Toddlers are people. They may be small. They may have a limited vocabulary. They may be immature. But the bottom line is – they are people.
This means they make decisions about what is important to them, just like you do. And just like you, their interpretation of their circumstances determines how they respond to problems they face.
Let’s put this in perspective. Your toddler thinks he has lost his prized possession. This may be likened to the concern you have when you can’t find your debit card. Was it lost or stolen? Is your bank balance secure? Whatever the case may be, getting that card back is now the highest priority. But, suppose your helpful neighbor is visiting and says to you, “don’t worry, the card is just piece of plastic. Don’t be stressed. It will probably turn up in a day or two. Get over your worries.” You might look at that individual and wonder what planet she is living on.
Now back to the toddler. His highest priority is getting his toy back. You are thinking it is just a toy. He needs to get over it and move on. So you say, “Honey, we will find the toy eventually, it is just a toy. Don’t worry.” But your words don’t bring any comfort, any more than your neighbor’s words brought comfort to you about the missing debit card. Your toddler interpreted this circumstance differently than it is just a toy. To him, his lost toy is every bit as important as your lost debit card.
This is why you have to look beyond behavior and focus on the heart. Your toddler is interpreting life according to what is important to him. To shepherd your children compassionately and biblically, you first must understand how they are interpreting life events. Your toddler does need to learn not to be possessive and demanding about his toys. But if you just brush off his actions by telling him he has to get over it, you will only frustrate him and provoke him to anger.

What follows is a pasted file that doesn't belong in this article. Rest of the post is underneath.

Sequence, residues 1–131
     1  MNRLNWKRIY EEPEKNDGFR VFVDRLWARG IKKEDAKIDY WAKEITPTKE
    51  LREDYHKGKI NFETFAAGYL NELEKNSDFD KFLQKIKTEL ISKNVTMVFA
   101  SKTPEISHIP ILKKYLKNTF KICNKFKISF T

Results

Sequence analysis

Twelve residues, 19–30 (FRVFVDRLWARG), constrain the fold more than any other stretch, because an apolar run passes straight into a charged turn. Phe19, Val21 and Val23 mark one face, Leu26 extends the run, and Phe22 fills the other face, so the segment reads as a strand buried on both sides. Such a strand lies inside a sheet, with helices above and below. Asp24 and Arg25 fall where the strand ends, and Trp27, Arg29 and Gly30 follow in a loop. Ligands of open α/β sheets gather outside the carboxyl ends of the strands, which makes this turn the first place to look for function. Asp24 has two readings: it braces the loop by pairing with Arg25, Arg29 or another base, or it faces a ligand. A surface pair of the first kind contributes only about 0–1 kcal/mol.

Your toddler has heart issues, just like you do. His well-being is not in possessing the toy but trusting in God. Even at a young age children can begin to trust God for toys they can’t find. Your child needs to know that God is in control and can be trusted even when he can’t find his toy.
You can help him to learn to trust in God by modeling that for him each day. If you lose it over the missing debit card, expect your toddler to follow suit. However, if you pray openly about trying to find the card and you remain calm, trusting Christ to help you, then you model what it means trust in God for your kids.
Remember that your toddler is a person. Help him to interpret his circumstances in light of God’s truth and not his own needs.